Pupils' perceptions of an alternative curriculum: Skill Force

Hallam, S., Rogers, L., Rhamie, J., Shaw, J., Rees, E., Haskins, H., Blackmore, J. and Hallam, J. (2007) Pupils' perceptions of an alternative curriculum: Skill Force Research Papers in Education, 22, (1), pp. 43-63. (doi:10.1080/02671520601152078).


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Alternative curricula at Key Stage 4 have been implemented to help young people who may be disaffected from school to re-engage with learning. Skill Force is one example of an alternative curriculum. Skill Force is a Ministry of Defence (MoD) sponsored youth initiative which offers 14-16 year old students a key skills based vocational alternative to the traditional curriculum. This research explored pupils' perceptions of participation in Skill Force and the perceived impact on their motivation, attitudes to school, attendance, exclusion, behaviour, and attainment. Seven hundred and ninety five Skill Force students completed a questionnaire which explored aspects of their experience using open questions and rating scales. Visits were made to six project where interviews were undertaken with nstudents. The qualitative data were used to provide in depth insights and support the questionnaire data. The findings demonstrated that the programme was successful in meeting the needs of many disaffected students, improving their motivation, confidence, communication and social skills. It reduced exclusions, improved behaviour, attendance, attitudes towards education and attainment and also provided students with a range of practical, vocational qualifications. The discussion considers the implications for mainstream education.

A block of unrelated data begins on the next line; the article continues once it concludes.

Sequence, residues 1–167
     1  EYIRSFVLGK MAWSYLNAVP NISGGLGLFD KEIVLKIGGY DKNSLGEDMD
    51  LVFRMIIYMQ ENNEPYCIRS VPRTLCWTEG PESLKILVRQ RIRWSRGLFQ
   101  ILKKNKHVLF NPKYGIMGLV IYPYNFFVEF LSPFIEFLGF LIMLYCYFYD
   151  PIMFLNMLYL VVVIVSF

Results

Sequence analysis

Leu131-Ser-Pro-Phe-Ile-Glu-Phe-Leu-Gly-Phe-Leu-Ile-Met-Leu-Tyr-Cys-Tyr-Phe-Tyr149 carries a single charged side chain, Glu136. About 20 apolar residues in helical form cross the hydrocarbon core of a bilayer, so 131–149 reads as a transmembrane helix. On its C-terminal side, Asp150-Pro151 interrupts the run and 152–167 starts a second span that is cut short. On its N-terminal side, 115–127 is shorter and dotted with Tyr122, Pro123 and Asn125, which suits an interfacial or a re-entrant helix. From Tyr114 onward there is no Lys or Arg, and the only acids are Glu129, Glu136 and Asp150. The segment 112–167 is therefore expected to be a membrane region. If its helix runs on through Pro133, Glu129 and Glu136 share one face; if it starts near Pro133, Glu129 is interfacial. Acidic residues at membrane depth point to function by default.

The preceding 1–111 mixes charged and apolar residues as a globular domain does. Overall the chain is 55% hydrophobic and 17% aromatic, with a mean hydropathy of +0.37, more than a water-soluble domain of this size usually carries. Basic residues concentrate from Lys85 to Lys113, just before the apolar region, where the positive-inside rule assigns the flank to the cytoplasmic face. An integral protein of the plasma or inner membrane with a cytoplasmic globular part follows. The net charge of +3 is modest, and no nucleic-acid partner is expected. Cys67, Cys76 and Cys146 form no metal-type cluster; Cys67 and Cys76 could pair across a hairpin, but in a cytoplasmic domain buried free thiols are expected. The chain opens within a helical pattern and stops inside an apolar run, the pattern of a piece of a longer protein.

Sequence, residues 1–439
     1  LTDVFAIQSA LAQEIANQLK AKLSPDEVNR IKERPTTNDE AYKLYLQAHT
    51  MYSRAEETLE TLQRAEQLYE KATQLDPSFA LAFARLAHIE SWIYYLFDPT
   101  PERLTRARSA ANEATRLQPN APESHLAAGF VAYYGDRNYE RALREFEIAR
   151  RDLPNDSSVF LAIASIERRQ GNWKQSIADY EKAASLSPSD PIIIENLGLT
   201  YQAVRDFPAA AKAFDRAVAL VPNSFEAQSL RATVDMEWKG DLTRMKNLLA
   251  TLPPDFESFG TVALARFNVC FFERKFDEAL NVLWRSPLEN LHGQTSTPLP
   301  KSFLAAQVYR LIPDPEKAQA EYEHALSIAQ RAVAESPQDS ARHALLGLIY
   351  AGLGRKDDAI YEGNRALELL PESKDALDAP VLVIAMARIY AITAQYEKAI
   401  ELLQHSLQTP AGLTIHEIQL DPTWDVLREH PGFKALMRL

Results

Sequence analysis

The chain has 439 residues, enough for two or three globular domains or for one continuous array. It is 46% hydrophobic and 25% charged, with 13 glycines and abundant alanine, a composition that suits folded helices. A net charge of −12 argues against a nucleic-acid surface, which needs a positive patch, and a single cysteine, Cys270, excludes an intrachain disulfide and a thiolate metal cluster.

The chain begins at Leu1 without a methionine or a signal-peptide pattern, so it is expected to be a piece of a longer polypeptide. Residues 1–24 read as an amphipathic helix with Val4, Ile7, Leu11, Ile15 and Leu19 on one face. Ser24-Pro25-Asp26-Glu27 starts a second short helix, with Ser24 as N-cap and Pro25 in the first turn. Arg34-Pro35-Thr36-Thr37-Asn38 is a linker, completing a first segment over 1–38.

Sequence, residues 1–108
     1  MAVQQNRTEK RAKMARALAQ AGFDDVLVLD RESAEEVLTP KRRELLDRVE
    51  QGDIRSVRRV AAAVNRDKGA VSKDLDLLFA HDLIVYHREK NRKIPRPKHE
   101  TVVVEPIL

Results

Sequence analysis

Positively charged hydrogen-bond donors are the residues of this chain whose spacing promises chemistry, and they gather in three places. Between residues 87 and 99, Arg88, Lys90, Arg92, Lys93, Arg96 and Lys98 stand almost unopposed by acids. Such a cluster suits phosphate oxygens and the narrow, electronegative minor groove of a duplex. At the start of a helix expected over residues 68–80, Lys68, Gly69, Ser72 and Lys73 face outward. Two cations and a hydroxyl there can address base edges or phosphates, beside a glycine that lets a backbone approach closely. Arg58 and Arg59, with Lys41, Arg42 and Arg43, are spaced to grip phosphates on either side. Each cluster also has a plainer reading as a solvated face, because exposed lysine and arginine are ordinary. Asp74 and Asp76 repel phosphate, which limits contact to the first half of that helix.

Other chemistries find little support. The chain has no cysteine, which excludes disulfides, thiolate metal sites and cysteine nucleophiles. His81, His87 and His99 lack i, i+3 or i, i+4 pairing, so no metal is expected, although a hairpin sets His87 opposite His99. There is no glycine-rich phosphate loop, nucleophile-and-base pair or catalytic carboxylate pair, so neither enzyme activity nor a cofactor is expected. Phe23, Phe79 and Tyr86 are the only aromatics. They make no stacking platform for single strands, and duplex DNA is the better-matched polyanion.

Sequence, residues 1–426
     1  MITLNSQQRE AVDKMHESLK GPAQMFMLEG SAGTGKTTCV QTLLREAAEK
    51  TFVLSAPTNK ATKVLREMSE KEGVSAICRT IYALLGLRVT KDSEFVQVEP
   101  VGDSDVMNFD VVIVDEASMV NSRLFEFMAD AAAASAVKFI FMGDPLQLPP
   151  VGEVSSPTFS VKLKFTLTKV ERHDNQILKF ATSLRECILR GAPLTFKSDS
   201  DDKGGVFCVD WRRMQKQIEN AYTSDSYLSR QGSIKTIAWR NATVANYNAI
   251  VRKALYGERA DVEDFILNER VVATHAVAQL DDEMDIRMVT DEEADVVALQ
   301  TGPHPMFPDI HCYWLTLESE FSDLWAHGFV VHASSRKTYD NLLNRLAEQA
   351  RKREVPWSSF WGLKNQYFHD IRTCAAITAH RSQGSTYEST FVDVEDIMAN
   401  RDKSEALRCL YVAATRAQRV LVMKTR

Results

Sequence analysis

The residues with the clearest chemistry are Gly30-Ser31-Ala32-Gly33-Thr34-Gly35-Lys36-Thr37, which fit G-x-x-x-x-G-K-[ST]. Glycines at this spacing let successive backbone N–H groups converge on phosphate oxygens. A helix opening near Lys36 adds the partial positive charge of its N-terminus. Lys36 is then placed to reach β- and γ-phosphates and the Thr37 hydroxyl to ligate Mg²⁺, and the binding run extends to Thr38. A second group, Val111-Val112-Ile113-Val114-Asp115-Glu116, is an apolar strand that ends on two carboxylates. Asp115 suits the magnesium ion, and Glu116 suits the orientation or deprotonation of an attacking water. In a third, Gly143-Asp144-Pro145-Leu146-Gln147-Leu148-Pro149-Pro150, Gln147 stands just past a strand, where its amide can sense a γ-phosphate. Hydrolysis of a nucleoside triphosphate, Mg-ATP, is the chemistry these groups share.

Item Type: Article
Digital Object Identifier (DOI): doi:10.1080/02671520601152078
ISSNs: 0267-1522 (print)
Keywords: alternative curriculum, disaffection, exclusion, pupils' perspectives, truancy
ePrint ID: 25086
Date :
Date Event
October 2005Submitted
March 2007Published
Date Deposited: 11 Oct 2007
Last Modified: 16 Apr 2017 22:38
Further Information:Google Scholar
URI: http://eprints.soton.ac.uk/id/eprint/25086

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